“And I’ve come to know the wish-list of my father/I’ve come to know the shipwrecks where he wished/I’ve come to wish aloud/Before the overdressed crowd/Come to witness now the sinking of the ship/Throwing pennies from the sea-top next to it”
So declares Joe Pug on the first track of his debut EP, Nation of Heat. The song is called “Hymn #101,” and its a nearly five minute ode to the examined life– a call to arms for emotional agency and plain, wholesale honesty. Its lines feel lifted from some bible of Americana, steadfast and blue collared, defiant and hopeful. Sung in Pug’s dusty, full-bodied twang, backed by a steady, unassuming pluck, it lands like some sort of absolute truth before the feet of the listener, and, like all great songs, feels the perfect length and simultaneously leaves us wanting more.
I first heard “Hymn #101“ amongst the dimly lit crowd of the Beachland Ballroom in Cleveland, Ohio, on a hot July night, hours before my twenty-first birthday. It struck me like bullet to the heart, with poetry that seemed to open endless possibilities and illuminate something unspoken that I knew all along. The rest of Nation of Heat, which Pug recorded nights after working during the day as a carpenter in Chicago, unfolds with no less surefooted wisdom; it is a startling 24 minute manifesto from a young man who seems wiser than his age, and it packs the promise of a ferocious talent.
10 years have passed since that first recording, and Pug has paid back this promise in spades: with three studio albums, an EP between records aptly named In the Meantime, and a dedication to touring his work across the very nation he sings about. With each new batch of songs, Mr. Pug seems to sketch out his own grand American drama, populated by spiritually dissatisfied men and their lovers past and present, filled with moonlit drives down the county highways of Spokane and Dallas, anchored by sturdy melodies, poignant folk idioms, and the prevailing tone of lonely hearted resilience. “How Good You Are,” “Not So Sure,” “Those Thankless Years”– his titles read like some long-lost Steinbeck novel, and precede compositions of tremendous musical weight.
This past Wednesday was a homecoming of sorts; or so it feels whenever Mr. Pug returns to Chicago. Playing to a sold out crowd at City Winery (which has put him up for the last four years as he tours with his present songbook) he held the room in rapt attention with nothing but a voice, a harmonica, and a well-worn guitar. Pug is a serious performer; he strums with a muscular intensity, and delivers his lyrics through a piercing, contemplative gaze. But between numbers, the songwriter demonstrates a confidently dry wit, and a gracious rapport– for example: after his opener, Carson McHone, left the stage “If you can only buy one record tonight, make it mine. But, if you can afford TWO, Carson has some available as well.”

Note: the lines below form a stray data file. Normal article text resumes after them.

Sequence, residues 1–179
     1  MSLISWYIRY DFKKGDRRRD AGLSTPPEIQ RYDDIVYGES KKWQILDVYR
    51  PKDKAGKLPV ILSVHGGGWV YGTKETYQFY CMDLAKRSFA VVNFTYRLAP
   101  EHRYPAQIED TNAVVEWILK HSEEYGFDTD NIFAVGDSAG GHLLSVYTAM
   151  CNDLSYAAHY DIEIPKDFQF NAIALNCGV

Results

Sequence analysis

I’ll admit that City Winery isn’t the ideal venue for Pug’s brand of hard-hitting introspection; there’s something about hearing lines like “I’ve seen skeleton mothers and hungry folks/Across the street from the kitchens that cook dinner the most” while the table next to you gulps endless glasses of cabernet and chews on fried risotto balls that just doesn’t quite feel right. But even so, Pug manages moments of sublimity: unplugging and stepping to the front of the stage, dressed in denim, warmly lit, conjuring Dylan on “I Do My Father’s Drugs;” accompanying himself on piano for heart wrenchingly understated renditions of “The Great Despiser” and “Veteran Fighter;” and the debut of songs from an upcoming album, which I’m happy to report sounds like it will be another instant classic (the crowd favorite was a slick little country number called “I Don’t Work In a Bank”).
New music from Joe Pug is just around the corner, and we can expect him to continue touring in support of the fresh material. I hope to see him live again with a full band soon; on record his compositions are fleshed out by workmanlike session players, most notably the excellent Greg Tuohey on guitar. In the meantime, I highly recommend Pug’s podcast The Working Songwriter, featuring conversations on the craft with prolific, like-minded musicians (notable episodes have featured Gregory Alan Isakov, Brandon Flowers, and the incomparable Josh Ritter). And of course, the music is always there to return to. In preparation for this article I revisited all three studio albums, and they have aged miraculously; most strikingly 2015’s Windfall, which sees Pug’s true arrival as the prophetic master I heard whispers of all those years ago.
Joe Pug wrapped up his last tour dates of 2018 in Philadelphia. His latest release, Windfall, is out now on Lightning Rod Records. The devastating “Bright Beginnings” is an album highlight.